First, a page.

cubeI hate the Rubik’s Cube.

When the Rubik’s Cube craze hit in 1980, I bought one. I was so cool; I got all the colors the same—on one side. Oh, great. There are five other sides. I got my clueless fingers on one of those how-to-solve booklets, and very methodically—very slowly—I manipulated that stupid cube. Once it was back in its original state, I boxed it away.

And there it stayed for 20 years. When my youngest son was in middle school, he found my Rubik’s Cube, mixed it up, and proceeded to solve it. Whose kid is this? His adolescent approach to annoying a parent was to ask me to mix it up. In five minutes, he would be back with that stupid cube looking correct.

I was tempted to ground my son for being smarter than his dad, but instead I just muttered under my breath, “I hate the Rubik’s Cube.”

Around the same time, I was doing some reading on how our brains work. Howard Garner’s work in multiple intelligences shows that, while some of us are verbal, visual, musical, and so forth, some of us are also logical. We can analyze things and see where we need to go 4-5 steps before we ever get there.

  • A chess player does this when he knows he will have me in checkmate in the next six moves.
  • My son does this by knowing what he will do with the stupid Rubik’s cube half a dozen moves in advance.

It’s seeing the end before we ever get there.

My brain does not work that way—but my prayer life can.

1. I can pray with boldness and confidence (Heb. 4:16). The boldness comes from my relationship with Christ (1 John 5:13-14) and His invitation for me to call on Him (Jer. 33:3).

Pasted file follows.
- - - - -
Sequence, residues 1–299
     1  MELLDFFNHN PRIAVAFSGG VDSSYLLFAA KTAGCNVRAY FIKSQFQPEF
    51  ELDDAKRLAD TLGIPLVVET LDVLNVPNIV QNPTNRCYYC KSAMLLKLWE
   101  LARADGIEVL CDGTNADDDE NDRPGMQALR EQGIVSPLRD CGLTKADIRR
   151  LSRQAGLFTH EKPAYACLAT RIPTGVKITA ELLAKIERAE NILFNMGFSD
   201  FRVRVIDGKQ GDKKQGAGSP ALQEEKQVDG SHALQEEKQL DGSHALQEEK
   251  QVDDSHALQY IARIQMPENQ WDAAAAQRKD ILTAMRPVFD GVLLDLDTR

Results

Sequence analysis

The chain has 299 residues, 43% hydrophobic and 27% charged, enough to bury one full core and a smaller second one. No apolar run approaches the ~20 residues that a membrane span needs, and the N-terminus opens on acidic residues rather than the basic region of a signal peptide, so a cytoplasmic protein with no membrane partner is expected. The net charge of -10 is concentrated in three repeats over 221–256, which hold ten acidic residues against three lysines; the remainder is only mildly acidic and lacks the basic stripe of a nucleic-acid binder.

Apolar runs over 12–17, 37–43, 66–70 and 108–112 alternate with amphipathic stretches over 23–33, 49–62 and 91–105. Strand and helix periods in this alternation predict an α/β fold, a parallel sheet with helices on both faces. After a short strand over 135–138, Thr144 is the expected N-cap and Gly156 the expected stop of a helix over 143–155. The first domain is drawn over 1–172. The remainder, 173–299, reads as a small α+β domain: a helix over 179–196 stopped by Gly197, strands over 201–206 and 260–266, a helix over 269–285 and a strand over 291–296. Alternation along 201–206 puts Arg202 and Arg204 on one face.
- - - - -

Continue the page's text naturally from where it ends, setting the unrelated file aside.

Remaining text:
2. I can trust God to respond. I can trust that He will answer according to His love and will (1 John 5:14-15).

3. My prayer morphs into a prayer of joy, thanking Him for His answer before I ever see it.

znektmmobrm-jesse-collinsFaith is trusting Him and seeing the end before we ever get there.

Let me encourage you to add a new angle to your prayers. A couple of months ago, we were in the thick of turkey, dressing, Aunt Martha’s green jello salad thingy, and thanking God for all He did in 2016. So before we really get deep in 2017, develop the habit of thanking Him for what He is going to do. Your requests will take on an element of joy as you thank Him in advance for His work and His answers.

In fact, make this a part of your joy-filled, forward-looking prayer:

 “And this is my prayer: that your love may abound more and more in knowledge and depth of insight, so that you may be able to discern what is best and may be pure and blameless for the day of Christ, filled with the fruit of righteousness that comes through Jesus Christ—to the glory and praise of God” (Phil. 1:9-11).

Praying with joy. Not a bad way to kick off 2017.

This Screen-Shot-2013-06-24-at-1.41.38-PM (1)post supports the study “Praying with Joy” in Bible Studies for Life.

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